Reality versus Research

August 17, 2012

One of the things I most love about research is that it is passionless. If it’s correctly done the result isn’t something that is skewed in any way by commercial interests.

So when a piece of research comes out that talks about the effects of conducting both strength and endurance training at once I’m all ears. For years the fitness and performance industry has relied on hucksterism and clever ad copy to fool people into thinking that it’s one or the other, black or white, yin or yang. I will be the first to admit I am not a person who operates well in the grey area of life and am very much a black or white person. However, one of the tenets of the RKC system, one if it’s core values is the hardstyle principle of the duality of training. Of tension and relaxation. Of flexibility and strength. If we can have these notions contained as opposites then how come no one has been looking at strength and endurance? And that’s really where my current training has gone – seek out the truths about what I think of as ultrafitness. What are the possibilities when it comes to strength endurance? There are plenty of great examples of strength, sadly many of them look like a quick walk around the block would do them in and that doesn’t seem like it’s a great definition of health to me. Because underlying all of this is my goal to spend this second half of my life healthy as well as fit.

This piece here is a good read on the summary of findings from some new research as well as this piece here. The second piece provides some deeper summary and there’s some things I find very interesting.

“Power is most susceptible to decrements than strength or hypertrophy. Power athletes should therefore, be the most conservative with cardio / endurance training.”

This is written backwards for endurance people. What it says is that strength and muscle size don’t seem to detrain much during endurance training but power does. So your endurance athlete is going to have better success by filling in the gap, so to speak, and performing power exercises than they will by performing strength exercises. Looking at the nature of running for example – a squat won’t help you run but some bounding or jumping will. Looking at the training of even elite level endurance athletes you will see a variety of low level plyometric/ power based activities in there such as jumping, bounding, medicine ball throws and the like.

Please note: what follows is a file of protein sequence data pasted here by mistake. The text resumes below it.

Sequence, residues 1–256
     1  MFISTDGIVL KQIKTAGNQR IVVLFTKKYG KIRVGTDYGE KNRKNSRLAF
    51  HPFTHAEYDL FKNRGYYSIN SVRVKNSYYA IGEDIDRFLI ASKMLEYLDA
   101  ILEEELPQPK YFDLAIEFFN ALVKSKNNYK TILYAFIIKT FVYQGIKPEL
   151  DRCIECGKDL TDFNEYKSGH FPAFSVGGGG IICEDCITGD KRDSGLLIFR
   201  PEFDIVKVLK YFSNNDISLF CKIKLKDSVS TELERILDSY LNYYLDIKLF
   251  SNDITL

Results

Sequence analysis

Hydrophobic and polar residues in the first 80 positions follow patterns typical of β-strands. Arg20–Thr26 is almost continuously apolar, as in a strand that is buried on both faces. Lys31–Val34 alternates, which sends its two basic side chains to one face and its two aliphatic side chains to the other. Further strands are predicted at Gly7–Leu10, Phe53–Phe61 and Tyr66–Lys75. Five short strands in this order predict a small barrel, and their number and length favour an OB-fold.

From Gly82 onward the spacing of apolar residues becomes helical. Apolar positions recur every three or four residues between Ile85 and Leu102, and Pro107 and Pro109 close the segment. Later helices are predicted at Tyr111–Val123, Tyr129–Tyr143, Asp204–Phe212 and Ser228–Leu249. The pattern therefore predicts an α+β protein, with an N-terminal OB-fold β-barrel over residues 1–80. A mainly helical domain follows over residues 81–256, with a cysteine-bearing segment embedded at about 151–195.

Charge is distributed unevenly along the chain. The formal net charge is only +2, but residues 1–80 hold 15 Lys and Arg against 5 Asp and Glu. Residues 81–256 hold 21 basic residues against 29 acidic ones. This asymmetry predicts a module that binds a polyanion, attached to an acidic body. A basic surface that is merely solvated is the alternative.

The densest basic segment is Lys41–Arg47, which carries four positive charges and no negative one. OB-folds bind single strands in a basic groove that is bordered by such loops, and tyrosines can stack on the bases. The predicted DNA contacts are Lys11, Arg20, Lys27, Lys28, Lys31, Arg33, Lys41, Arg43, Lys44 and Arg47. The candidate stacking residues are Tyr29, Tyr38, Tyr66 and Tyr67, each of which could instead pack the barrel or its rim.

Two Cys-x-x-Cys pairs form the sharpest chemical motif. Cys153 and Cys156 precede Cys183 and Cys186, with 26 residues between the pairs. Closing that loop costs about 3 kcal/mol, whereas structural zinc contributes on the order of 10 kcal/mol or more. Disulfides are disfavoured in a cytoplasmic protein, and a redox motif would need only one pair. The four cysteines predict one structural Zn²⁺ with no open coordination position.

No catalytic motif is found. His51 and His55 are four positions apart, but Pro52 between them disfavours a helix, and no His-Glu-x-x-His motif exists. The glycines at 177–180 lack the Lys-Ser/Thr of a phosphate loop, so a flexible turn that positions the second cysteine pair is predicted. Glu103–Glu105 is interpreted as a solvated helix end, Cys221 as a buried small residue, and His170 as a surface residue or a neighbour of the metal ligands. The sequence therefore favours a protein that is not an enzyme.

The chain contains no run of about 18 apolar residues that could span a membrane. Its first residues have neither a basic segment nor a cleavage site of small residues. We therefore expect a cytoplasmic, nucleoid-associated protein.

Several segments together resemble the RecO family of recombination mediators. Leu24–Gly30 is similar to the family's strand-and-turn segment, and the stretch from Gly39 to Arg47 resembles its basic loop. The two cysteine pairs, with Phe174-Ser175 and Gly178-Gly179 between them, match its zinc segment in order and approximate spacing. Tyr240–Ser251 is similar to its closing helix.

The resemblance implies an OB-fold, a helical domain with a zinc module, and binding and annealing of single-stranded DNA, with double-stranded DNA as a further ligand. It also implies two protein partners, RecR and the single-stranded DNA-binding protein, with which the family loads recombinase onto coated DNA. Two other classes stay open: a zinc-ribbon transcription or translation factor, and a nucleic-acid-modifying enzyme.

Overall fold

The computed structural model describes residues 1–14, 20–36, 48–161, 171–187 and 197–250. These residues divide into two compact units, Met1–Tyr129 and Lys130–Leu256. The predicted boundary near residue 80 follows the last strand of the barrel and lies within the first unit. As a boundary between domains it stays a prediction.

In my own training I’ve been finding that the kettlebell clean and jerk is my best friend when it comes to my training. There’s something about the move that I feel helps my body stay loose and supple versus the rigid performance of a lift like the deadlift or a press. This suppleness is needed, I feel, to help stave off injury while running. I think of running as a series of rebounds one after another. The goal is to lose no energy from one bound to the next, perpetually just reversing the force caused by each step. The better your body can act like a spring the easier that will be. To an extent I want my body to be a stiff spring so it efficiently does this, however, too stiff and I become like a piece of wood unable to reverse force. There’s that black and white hardstyle thing again – both stiff and supple at the same time.

This next bit I found very interesting -

Running produced greater decrements in BOTH hypertrophy and strength than cycling, when done concurrently with resistance training. This may be due to greater skeletal muscle damage caused by the high eccentric component of running. For example, distance running has been found to produce large increases in muscle damage whereas ultradistance cycling did not.

This has been my experience completely. I had some issues with running for about two months and was just swimming and riding. The moment I started reintroducing running my lifts started to struggle a bit. In my jerks I seemed to lose my leg drive overnight. Where my squat had been approaching 100kg (nothing spectacular but please keep in mind that I was told about eighteen months ago I’d never be able to squat again so a 125% body weight squat makes me pretty happy) I’ve had to drop it back to body weight on the bar. This drop of about 20kg from my squat doesn’t seem to affect anything. My legs are just too tired to be able to cope with it. When I dropped my squat neither my riding nor running were affected. It may have even made my running better as my legs were less fatigued. However, other than my jerks and pressing this doesn’t affect any other lifts.

One of the things that really gets me is that many big names in strength coaching all seem to be scared of any kind of aerobic work stating that it will make you weak, cause you to suffer from muscle atrophy or otherwise turn you into “an eleven year old stamp collector”. While this excerpt above indicates that you will likely lose some mass from lots of running, you could either run shorter distances or ride as that doesn’t seem to affect muscle wastage.

Let’s just review a few things about the aerobic system. For starters it’s the main operating system for your whole body. You spend a vast majority of your day having to work aerobically so you better hope it works well. The muscles of your cardiovascular system can only work aerobically, further highlighting how important it is to have this system in good working order (unless you don’t like the idea of a set of heart and lungs that work well). Post exercise, whether it be in between sets or post workout, it is the aerobic system that is in charge of promoting recovery. Pavel even has an entire training concept called Fast and Loose from it. More recently some clever guys in Western Australia did some research showing that easy aerobic work between sets improved recovery thereby aiding maintenance of power production throughout a workout.